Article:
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Black History / Whitney Young / James Reeb

Displaying 1 - 26 of 26. This list includes every page on UUA.org tagged with "Black History / Whitney Young / James Reeb" or one of its subcategories. This page will reload after each filter selection to update the results and the remaining selections.

  • A moonless night. A rowboat ride, about a mile, across an icy current toward the glow of a lantern on the far side of the river. Someone waiting there will be your next conductor. They'll guide you to a safe house as the Underground Railroad carries you north. ...
  • Usually in February, for Black History Month; or in March, as Reeb was killed on 3/9/65 and Young died on 3/11/71. This service is an...

Tapestry of Faith: Curricula and Resources for Lifespan Faith Development

A Chorus of Faiths, High School Youth

  • By Hannah McConnaughay, Renee Ruchotzke
    The Chorus of Faiths program helps develop Unitarian Universalist youth as interfaith leaders. Youth explore values of service to our community and religious pluralism through stories from our Sources and personal storytelling, and coordinate an interfaith service.
  • In February of 1965, the United States was at another turning point in the Civil Rights Movement. The Civil Rights Act had been passed in 1964, but critical rights were still not legally secured for African Americans. Black men and women routinely faced physical violence, biased "literacy tests,"...

Signs of Our Faith, Grades 2-3

Virtue Ethics

UU Voices: Stories from the Movement

  • By Susan Lawrence
    In February, Americans say the names and retell the stories of African Americans whose achievements and contributions helped to shape us as a nation. When we investigate our shared past, we learn more about who we are today.

UU World

  • By Kenny Wiley
    As a child I learned that we had, mostly, overcome. Clues to a deeper truth hid in plain sight.
    Image credit: AP Photo/Charles Harrity, 1967
  • By Kenny Wiley
    Frances E. W. Harper (1825–1911) challenged us to practice a religion of justice.
    Image credit: courtesy of the House Divided Project at Dickinson College

WorshipWeb: Searchable Worship Collection

  • By Aisha Ansano
    Martin Luther King, Jr. Day is a time when particular songs get sung; one of them is "Lift Every Voice and Sing." It gets sung in school,...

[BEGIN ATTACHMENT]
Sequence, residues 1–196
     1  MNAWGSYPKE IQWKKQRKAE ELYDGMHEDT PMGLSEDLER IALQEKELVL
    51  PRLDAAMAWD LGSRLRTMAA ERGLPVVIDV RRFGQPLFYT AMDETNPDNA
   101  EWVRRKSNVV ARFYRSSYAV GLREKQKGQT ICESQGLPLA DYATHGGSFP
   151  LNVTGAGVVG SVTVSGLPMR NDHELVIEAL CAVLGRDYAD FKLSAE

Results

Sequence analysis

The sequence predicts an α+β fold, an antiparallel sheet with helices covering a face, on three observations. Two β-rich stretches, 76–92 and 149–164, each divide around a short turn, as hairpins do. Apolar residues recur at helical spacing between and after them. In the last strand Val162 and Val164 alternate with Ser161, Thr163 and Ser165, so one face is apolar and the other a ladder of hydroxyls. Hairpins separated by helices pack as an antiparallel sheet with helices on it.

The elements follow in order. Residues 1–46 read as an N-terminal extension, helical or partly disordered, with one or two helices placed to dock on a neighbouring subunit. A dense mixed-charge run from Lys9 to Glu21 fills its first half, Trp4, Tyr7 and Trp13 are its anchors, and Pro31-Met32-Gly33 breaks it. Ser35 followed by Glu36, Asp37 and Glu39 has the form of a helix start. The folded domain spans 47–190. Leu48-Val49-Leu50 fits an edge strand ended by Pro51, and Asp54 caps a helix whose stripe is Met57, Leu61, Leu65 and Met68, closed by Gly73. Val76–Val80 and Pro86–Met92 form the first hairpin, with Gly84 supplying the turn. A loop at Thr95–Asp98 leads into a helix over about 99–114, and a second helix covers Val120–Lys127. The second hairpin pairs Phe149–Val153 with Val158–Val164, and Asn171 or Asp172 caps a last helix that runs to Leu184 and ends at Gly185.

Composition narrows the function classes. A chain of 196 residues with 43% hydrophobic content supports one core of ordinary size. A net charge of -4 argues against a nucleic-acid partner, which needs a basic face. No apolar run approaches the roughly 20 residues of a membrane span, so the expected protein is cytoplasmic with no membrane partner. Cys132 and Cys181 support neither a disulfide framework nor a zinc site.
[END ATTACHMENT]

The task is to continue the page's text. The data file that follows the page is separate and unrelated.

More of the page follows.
• By Chris Crass
    To become an anti-racist faith community, the key question for a white/white majority community is not “How do we get people of color to...
  • By Dawn Skjei Cooley
    Bruises are a part of roller derby — a celebrated part. It’s not uncommon for players to take pictures of their biggest, most colorful...
  • By Christian Schmidt
    Let us wake up. Not just from the Sunday morning exhaustion, from the wish for a few more drowsy minutes in bed. Let us wake up to this...
  • By Jeannie Shero
    #‎BlackLivesMatter Let the only burning be the fire of commitment in our hearts, minds, hands, spirits in our community of faith. Live...
  • By Martha Dallas
    Today, the congregation will be singing hymns from our hymnals which are particularly precious to us as Unitarian Universalists. But today...
  • By Christopher Buice
    Once upon a time there was a little girl named Rosa, who loved to read her Bible. One of her favorite stories was the story of Moses, and...
  • By Gail Forsyth-Vail
    This story was created collaboratively by several religious educators. As you prepare to share it, read the 1966 Ware Lecture "Don't Sleep...
  • By James (Jay) C Leach
    This is adapted from a litany by Gail Forsyth-Vail, who suggests the following to maximize the reading's power: Identify seventeen people...
  • By Gail Forsyth-Vail
    This reading requires seventeen people who are able to come forward and represent the generations of African Americans in the British...
  • By Jonalu Johnstone
    We shall overcome. When we can truly celebrate the diversity of contributions and talents offered by all people, we shall overcome hatred...
  • By Brent A Smith
    We retell the birth, life, and death of Dr. King to symbolize that it is not until humanity can measure the worth and meaning of a single life, that it can extend worth that to all souls. But, this is a new day. For more than nearly fifty years this culture has dwelt in grief over the loss of great...
  • By Melissa Carvill-Ziemer
    On the cusp of this new day in our nation’s history, seems like everyone has something to say. I have been deluged with emails from the...
  • By Mark Hicks
    Frances, an African American woman: To be African-American in this country is to face racism throughout life, however subtle. The love of...
  • By Martin Luther King, Jr.
    The ultimate weakness of violence is that it is a descending spiral, begetting the very thing it seeks to destroy. Instead of diminishing...
  • By Martin Luther King, Jr.
    We are caught in an inescapable network of mutuality, tied to a single garment of destiny. Injustice anywhere is a threat to justice...
  • By Audette Fulbright Fulson
    We give thanks for the gift of the brief and powerful life of Rev. Dr. Martin Luther King, Jr.; yet it is through our faithful acts of compassion in the struggle for justice that we make our most powerful prayer.